- Restaurant wait staff. I don’t know how to even describe this one. The staff was mostly excellent but why did our requested water come when we were mid-way through our meal? We had to ask several times for butter
- Inconsistent food. Our first lunch was so delicious that we went back to the same restaurant and ordered the same food. You wouldn’t even know it was the same dish. Also, the service at the gourmet restaurant The Shell was very, very slow. While we understand we are on island time, 3 hours is too long to be sitting as most of that time was waiting for something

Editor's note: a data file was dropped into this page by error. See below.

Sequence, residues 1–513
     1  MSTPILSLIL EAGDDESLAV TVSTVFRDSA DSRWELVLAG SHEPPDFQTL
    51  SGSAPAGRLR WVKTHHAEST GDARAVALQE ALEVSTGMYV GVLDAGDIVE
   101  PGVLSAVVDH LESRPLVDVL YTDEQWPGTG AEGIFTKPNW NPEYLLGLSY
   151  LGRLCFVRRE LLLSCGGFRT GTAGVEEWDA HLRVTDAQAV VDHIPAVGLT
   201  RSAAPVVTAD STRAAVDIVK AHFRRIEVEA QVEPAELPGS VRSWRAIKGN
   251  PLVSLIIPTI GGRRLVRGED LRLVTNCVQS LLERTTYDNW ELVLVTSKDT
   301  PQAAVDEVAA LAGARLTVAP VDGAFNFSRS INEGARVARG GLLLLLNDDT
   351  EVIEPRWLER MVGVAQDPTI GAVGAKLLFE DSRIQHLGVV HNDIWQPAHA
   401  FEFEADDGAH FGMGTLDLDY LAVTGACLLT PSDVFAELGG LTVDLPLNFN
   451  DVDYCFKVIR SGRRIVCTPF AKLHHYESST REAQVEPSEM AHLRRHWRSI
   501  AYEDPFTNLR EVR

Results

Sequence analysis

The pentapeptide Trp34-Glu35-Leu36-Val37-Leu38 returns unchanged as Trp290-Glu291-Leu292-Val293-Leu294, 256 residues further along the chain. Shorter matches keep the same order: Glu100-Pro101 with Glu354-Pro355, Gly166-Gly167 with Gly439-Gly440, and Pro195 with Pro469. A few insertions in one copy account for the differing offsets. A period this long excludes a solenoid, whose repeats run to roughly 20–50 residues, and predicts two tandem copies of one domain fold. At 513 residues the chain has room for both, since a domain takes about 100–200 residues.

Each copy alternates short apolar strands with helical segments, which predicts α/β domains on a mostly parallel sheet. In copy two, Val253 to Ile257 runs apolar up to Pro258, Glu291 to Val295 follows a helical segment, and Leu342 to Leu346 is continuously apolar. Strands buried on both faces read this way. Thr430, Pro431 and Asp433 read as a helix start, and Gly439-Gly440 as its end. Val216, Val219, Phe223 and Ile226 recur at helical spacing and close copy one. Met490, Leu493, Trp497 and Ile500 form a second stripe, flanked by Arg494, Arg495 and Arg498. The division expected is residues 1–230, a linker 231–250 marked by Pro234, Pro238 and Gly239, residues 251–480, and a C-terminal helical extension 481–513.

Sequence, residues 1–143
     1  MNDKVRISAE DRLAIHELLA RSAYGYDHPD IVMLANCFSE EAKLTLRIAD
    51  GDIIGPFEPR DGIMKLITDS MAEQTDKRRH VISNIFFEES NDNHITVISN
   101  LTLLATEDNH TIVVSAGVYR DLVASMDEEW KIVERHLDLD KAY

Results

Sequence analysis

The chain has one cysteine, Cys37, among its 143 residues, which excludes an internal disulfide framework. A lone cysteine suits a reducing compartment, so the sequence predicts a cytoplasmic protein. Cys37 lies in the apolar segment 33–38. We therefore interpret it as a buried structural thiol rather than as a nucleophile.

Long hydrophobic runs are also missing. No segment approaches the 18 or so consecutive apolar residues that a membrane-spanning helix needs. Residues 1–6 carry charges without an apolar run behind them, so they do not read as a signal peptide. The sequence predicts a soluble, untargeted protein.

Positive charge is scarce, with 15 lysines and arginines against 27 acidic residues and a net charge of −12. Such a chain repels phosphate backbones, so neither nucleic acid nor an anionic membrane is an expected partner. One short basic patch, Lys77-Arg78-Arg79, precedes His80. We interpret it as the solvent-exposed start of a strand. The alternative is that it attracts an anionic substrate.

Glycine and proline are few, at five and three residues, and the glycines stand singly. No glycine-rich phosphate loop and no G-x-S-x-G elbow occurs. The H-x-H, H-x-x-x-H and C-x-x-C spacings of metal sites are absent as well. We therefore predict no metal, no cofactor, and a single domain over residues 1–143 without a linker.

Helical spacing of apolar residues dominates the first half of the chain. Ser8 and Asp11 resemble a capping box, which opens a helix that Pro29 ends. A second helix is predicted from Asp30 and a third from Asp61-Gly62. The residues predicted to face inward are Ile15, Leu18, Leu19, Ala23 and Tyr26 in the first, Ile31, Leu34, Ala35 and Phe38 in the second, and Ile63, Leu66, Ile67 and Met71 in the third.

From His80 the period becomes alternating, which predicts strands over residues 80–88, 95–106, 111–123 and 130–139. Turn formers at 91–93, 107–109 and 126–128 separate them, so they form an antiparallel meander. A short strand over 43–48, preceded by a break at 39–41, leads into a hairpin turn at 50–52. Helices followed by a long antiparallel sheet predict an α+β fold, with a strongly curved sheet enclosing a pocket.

- Lines, lines, lines. The resort is large enough so that you don’t feel it is crowded…that is, until you need the concierge. Then you normally wait 5-10 minutes, as there is always a line. Also, checkin had a long line as it seems that people arrive at the same time. Once you are at the front of the line, the staff is great and takes care of you. But the 15 minutes to check in was annoying
Bottom line, we’d probably stay here again as it is the top rated place on Moorea. But it would be nice if Intercontinental thought about updating the rooms and adding in more staff at checkin and at the concierge desk.